Location:  From Luling, E on US 183 to Caldwell CR 135.  Go 1 mile and turn left, go 0.1 mile and turn right at mailboxes.  Cemetery is located on private property.

Hall Cemetery

The Hall community in this area was named for pioneer settlers John and Sarah Hall who moved here about 1860 from Mississippi,  A rural settlement gradually built up in the area, and in 1882 landowner J.R. Biship deeded two acres to the community for a school.  Part of the land contained grave sites, so one acre was set aside for a community cemetery  The oldest documented burial is that of the unnamed infant son of W.J. and Louisa Williams, who died at birth on June 21, 1873,  The cenetery also served the nearby Wattsville community.

Location:  from Luling take FM 1322 5.7 mi. east, then 3.2 mi. east (right) on CR 139, then .5 mi. N (left) on CR 142, then .1 mi. west (left) on CR 141.

Susanna Dickinson Hannig

At this site once stood the home of Susanna Dickinson Hannig (1814-1883), who came to Texas from Tennessee in 1831 with her husband Almeron Dickinson. He died at the Battle of the Alamo on March 6, 1836. Susanna, with her daughter Angelina, was among the survivors. She carried news of the Alamo's capture to Gen. Sam Houston, commander of the Texas Army. Susanna settled in Lockhart in 1855 and bought this property. She married Joseph William Hannig, who had a cabinet shop here. In 1858 they moved to Austin, where Susanna died and is buried.

Location:  In front of the Lockhart City Hall - 308 W San Antonio St.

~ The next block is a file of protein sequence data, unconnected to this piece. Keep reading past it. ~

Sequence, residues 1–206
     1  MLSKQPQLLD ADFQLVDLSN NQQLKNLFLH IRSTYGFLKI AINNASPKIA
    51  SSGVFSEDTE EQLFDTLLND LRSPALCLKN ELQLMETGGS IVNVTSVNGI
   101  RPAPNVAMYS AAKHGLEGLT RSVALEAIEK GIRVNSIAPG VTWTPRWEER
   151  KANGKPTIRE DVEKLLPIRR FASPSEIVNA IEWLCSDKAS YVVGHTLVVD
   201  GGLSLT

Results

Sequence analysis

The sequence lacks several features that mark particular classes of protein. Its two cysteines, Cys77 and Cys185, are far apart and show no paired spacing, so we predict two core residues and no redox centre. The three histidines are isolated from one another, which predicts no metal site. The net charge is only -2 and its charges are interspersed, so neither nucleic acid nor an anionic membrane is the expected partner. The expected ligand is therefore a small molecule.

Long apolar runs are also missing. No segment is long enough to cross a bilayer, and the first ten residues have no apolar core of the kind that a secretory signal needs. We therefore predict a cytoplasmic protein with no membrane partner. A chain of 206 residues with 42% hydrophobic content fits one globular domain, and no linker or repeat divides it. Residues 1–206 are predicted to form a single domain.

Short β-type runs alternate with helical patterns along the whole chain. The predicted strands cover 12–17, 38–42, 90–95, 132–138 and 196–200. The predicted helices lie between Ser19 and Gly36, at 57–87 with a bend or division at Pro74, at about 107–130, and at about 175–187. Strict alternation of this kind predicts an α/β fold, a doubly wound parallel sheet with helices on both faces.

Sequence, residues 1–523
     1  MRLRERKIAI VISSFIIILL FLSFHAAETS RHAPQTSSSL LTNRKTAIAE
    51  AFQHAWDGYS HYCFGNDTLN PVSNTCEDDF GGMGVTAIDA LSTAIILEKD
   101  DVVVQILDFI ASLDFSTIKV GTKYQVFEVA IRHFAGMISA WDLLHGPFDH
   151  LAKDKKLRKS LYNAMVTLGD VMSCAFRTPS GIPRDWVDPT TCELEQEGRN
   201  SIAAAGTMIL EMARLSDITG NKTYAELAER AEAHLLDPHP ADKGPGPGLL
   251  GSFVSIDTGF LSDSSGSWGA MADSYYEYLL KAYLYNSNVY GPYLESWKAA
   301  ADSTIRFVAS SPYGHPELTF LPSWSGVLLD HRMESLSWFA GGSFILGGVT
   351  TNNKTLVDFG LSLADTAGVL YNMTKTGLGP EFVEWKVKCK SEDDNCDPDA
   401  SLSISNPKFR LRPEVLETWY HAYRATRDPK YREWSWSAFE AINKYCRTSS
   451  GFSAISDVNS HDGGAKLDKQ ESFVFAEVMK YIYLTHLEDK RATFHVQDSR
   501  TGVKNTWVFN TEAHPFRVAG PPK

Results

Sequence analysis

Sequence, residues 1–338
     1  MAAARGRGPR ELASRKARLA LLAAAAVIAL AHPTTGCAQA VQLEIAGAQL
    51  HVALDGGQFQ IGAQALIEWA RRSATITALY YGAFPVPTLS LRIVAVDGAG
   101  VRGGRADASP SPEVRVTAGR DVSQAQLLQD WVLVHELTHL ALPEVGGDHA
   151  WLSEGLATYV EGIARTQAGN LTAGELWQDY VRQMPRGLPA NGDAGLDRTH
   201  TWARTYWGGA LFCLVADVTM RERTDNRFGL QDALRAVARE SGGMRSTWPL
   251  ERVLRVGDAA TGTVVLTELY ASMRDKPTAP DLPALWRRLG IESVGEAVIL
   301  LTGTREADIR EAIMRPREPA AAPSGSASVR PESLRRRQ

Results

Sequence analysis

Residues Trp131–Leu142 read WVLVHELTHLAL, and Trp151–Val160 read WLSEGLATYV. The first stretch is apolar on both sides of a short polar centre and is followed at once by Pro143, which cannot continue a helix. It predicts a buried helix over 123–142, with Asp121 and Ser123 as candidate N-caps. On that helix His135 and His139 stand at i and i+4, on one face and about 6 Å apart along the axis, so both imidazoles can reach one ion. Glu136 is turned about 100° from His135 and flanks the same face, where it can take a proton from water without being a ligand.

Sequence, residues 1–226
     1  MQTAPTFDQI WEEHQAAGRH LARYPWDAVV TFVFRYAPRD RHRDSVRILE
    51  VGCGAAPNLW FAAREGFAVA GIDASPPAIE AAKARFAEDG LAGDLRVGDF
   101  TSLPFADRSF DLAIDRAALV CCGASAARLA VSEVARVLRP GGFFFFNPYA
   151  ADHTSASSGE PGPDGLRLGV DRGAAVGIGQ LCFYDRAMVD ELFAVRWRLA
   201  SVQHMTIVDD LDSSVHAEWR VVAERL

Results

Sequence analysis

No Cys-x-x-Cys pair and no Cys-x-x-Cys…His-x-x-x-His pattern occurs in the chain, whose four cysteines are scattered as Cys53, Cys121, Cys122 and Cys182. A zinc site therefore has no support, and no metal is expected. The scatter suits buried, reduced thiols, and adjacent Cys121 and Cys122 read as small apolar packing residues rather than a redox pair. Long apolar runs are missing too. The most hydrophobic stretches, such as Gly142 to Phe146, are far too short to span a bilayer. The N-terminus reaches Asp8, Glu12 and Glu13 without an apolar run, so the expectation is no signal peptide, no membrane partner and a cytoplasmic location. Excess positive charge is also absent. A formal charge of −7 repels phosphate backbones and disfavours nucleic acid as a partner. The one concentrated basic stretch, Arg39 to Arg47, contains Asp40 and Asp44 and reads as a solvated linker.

Harris Cemetery

Sidon H. Harris and his family arrived in Texas in 1851, and moved to this vicinity in 1856. Harris and his wife, amanda, bought two parcels of land, and this family cemetery was begun when Sidon died in 1861. Two Harris children were buried here in 1862, followed by Amanda in 1866. Descendants later sold the land, with the understanding that the cemetery would be maintained. Destruction of the cemetery in 1984 led to the replacement of the original grave markers. The cemetery reflects the history of an early Caldwell County family. Texas Sesquicentennial 1836 - 1986

Location:  from Mendoza take US 183 N 1.3 mi. to SH 21, then east .8 mi. to FM 1854, then south .5 mi. to gate entrance.

Humphreys Cemetery
Members of the Jennings and Humphreys families settled in the Martindale area in the 1850s. They established a cemetery on land bought by Joseph Humphreys in 1855. Set aside on this raised area, the burial ground initially served family members who had settled the 2,000 acres adjoining the site. Randolph Reed Jennings (d. 1854), who reportedly died of yellow fever on his way to Martindale, was the first buried here, and the grave marker of Agnes Jennings (d. 1869) bears the earliest birth year, 1783. Joseph Humphreys (d. 1864) was the first buried in the Humphreys family plot, denoted by two obelisks. Tradition holds that a number of unmarked graves belong to former slaves of the pioneer families. Notable burials include the graves of early settler Jemima Crunk (1799-1876) and George N. Martindale (1842-1892), son of the community's founder. Today, families and descendants of those buried here meet regularly and maintain the cemetery, which was enlarged in 1946. This burial ground, a link to the area's early settlers, remains a symbol of Martindale and its rich history. Historic Texas Cemetery - 2003